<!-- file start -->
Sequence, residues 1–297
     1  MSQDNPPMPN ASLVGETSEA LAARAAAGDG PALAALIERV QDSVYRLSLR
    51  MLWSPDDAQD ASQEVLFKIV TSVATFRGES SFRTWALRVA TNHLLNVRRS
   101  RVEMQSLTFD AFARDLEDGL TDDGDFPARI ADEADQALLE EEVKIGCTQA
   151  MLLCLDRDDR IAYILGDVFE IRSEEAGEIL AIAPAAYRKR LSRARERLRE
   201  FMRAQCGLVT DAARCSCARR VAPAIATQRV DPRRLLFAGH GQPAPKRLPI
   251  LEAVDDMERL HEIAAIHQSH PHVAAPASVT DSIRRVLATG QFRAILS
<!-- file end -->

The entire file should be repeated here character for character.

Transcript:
Sequence, residues 1–297
     1  MSQDNPPMPN ASLVGETSEA LAARAAAGDG PALAALIERV QDSVYRLSLR
    51  MLWSPDDAQD ASQEVLFKIV TSVATFRGES SFRTWALRVA TNHLLNVRRS
   101  RVEMQSLTFD AFARDLEDGL TDDGDFPARI ADEADQALLE EEVKIGCTQA
   151  MLLCLDRDDR IAYILGDVFE IRSEEAGEIL AIAPAAYRKR LSRARERLRE
   201  FMRAQCGLVT DAARCSCARR VAPAIATQRV DPRRLLFAGH GQPAPKRLPI
   251  LEAVDDMERL HEIAAIHQSH PHVAAPASVT DSIRRVLATG QFRAILS